user = SOChatUser.new(e['user_id'], e['user_name'])
            event = SOChatUserJoinRoom.new(room,user)
            event.server = @server
            events.push event
          when 4
            user = SOChatUser.new(e['user_id'], e['user_name'])
            event = SOChatUserLeaveRoom.new(room,user)
            event.server = @server
            events.push event

But I imagine there has to be a better way to handle that! Something like SOChatEvent.createFromJSON( json_data )... But, what's the best way to structure my code so that objects of the proper subclass are created in response to a given event_type?

Second, I'm not actually using ant subclasses of SOXMPPUserCommand yet. Right now all commands are just instances of SOXMPPUserCommand itself, and that class has a single execute method which switches based upon regex of the command. Much the same problem -- I know there's a better way, I just am not sure what the best way is:

def handle_message(msg)
    puts "Room \"#{@name}\" handling message: #{msg}"
    puts "message: from #{msg.from} type #{msg.type} to #{msg.to}: #{msg.body.inspect}"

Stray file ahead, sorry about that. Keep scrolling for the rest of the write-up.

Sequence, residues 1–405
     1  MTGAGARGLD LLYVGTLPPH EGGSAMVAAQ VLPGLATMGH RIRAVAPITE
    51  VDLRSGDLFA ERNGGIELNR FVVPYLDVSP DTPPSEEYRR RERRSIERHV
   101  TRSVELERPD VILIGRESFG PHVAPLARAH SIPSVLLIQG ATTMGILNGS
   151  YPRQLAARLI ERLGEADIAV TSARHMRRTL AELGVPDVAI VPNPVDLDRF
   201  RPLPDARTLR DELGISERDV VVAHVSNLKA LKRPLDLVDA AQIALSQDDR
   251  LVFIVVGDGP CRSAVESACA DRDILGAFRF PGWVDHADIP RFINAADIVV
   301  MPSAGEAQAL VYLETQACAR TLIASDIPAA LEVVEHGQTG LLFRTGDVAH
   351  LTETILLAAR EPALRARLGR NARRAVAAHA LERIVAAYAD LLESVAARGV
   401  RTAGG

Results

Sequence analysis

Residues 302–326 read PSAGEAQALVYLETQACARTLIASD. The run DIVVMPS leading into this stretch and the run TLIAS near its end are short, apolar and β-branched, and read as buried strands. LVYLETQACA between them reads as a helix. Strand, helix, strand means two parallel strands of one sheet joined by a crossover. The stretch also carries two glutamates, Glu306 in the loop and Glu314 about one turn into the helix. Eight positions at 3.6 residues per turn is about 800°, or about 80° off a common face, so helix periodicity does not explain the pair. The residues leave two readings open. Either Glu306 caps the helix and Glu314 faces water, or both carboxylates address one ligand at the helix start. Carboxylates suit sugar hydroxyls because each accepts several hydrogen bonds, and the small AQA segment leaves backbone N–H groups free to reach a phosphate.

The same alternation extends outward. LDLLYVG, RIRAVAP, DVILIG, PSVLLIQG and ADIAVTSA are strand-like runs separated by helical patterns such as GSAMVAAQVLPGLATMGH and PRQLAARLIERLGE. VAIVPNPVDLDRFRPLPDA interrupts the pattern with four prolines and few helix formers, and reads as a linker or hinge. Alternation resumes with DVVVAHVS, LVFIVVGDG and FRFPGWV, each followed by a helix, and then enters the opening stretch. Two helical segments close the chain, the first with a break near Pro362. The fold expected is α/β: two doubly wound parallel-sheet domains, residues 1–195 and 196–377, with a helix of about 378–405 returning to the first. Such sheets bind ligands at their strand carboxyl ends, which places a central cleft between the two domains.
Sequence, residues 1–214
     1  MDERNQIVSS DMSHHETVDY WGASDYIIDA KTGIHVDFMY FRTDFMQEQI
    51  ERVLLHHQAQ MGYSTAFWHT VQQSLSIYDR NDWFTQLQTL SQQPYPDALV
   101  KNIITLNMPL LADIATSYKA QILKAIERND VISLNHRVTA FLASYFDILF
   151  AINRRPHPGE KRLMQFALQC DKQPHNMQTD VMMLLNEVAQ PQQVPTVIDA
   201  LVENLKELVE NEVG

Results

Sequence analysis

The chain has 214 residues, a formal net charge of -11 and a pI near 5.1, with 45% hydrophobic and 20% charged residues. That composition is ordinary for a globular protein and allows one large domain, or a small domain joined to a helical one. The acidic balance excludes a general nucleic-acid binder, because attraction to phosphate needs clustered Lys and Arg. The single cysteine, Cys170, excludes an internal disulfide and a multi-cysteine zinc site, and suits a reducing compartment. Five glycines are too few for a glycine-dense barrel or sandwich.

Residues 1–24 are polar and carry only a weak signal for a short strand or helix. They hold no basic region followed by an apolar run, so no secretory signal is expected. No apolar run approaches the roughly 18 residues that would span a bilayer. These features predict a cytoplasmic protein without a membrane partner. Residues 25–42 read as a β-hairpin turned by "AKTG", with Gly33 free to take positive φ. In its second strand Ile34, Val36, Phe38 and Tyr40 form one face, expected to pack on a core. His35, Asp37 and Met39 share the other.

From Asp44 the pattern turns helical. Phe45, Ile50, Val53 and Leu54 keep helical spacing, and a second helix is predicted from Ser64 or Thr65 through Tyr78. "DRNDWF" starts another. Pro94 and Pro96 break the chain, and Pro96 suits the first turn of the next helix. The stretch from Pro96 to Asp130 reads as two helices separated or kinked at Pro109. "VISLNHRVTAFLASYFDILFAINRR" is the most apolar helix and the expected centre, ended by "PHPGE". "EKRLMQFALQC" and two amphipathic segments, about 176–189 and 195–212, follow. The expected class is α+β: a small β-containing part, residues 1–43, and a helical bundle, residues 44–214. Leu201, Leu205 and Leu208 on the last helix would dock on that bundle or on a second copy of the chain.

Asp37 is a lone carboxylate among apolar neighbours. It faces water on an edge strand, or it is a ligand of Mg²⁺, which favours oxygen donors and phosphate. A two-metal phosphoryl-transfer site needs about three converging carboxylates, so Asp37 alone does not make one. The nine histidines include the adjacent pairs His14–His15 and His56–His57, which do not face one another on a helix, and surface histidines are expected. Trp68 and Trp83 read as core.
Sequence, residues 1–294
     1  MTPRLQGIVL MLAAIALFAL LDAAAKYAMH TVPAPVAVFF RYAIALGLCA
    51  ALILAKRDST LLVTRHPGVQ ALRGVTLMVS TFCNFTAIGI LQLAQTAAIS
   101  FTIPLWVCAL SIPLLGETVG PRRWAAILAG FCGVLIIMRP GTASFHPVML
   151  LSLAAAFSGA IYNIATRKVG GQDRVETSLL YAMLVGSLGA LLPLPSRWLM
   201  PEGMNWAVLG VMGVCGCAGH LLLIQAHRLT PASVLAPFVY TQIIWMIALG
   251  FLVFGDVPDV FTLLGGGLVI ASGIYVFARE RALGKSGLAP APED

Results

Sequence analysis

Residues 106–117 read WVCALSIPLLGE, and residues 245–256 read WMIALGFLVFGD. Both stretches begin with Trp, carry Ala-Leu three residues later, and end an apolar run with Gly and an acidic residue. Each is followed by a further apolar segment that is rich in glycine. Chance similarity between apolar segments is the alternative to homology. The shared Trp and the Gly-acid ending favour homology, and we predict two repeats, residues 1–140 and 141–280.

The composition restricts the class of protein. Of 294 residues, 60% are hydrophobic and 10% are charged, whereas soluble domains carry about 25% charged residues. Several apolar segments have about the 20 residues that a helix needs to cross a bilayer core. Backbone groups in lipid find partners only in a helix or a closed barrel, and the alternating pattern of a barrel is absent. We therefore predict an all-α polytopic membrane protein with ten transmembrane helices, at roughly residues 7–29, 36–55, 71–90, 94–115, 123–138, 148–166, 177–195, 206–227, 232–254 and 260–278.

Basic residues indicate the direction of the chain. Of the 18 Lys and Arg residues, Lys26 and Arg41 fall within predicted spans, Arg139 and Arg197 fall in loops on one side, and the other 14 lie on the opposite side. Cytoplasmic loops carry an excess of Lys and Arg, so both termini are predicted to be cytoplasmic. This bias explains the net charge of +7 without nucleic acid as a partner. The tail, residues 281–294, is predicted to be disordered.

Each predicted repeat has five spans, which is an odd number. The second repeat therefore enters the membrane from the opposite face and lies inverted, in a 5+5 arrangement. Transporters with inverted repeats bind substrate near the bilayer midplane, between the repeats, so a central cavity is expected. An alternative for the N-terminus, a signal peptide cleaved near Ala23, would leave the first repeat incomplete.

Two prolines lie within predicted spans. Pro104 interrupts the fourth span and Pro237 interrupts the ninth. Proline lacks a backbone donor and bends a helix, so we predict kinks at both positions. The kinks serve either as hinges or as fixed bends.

event = nil

    if msg.body =~ /\/.*/
      #puts "DEBUG: Creating a new SOXMPPUserCommand"
      event = SOXMPPUserCommand.new(msg)
      #puts "DEBUG: Creating a new SOXMPPMessageToRoom"
      event = SOXMPPMessageToRoom.new(msg)

    if !event.nil?
      event.user = get_soxmpp_user_by_jid event.from
      handle_event event


class SOXMPPUserCommand < SOXMPPMessage
  def execute
    case @body
      when "/help"
        "Available topics are: help auth /fkey /cookie\n\nFor information on a topic, send: /help <topic>"
      when "/help auth"
        "To use this system, you must send your StackOverflow chat cookie and fkey to the system. To do this, use the /fkey and /cookie commands"
      when "/help /fkey"
        "Usage: /fkey <fkey>. Displays or sets your fkey, used for authentication. Send '/fkey' alone to display your current fkey, send '/fkey <something>' to set your fkey to <something>. You can obtain your fkey via the URL: javascript:alert(fkey().fkey)"
      when "/help /cookie"
        "Usage: /cookie <cookie>. Displays or sets your cookie, used for authentication. Send '/cookie' alone to display your current fkey, send '/cookie <something>' to set your cookie to <something>"
      when /\/fkey( .*)?/
        if $1.nil?
          "Your fkey is \"#{@user.fkey}\""
          @user.fkey = $1.strip
          if @user.authenticated?
            "fkey set to \"#{@user.fkey}\". You are now logged in and can send messages to the chat"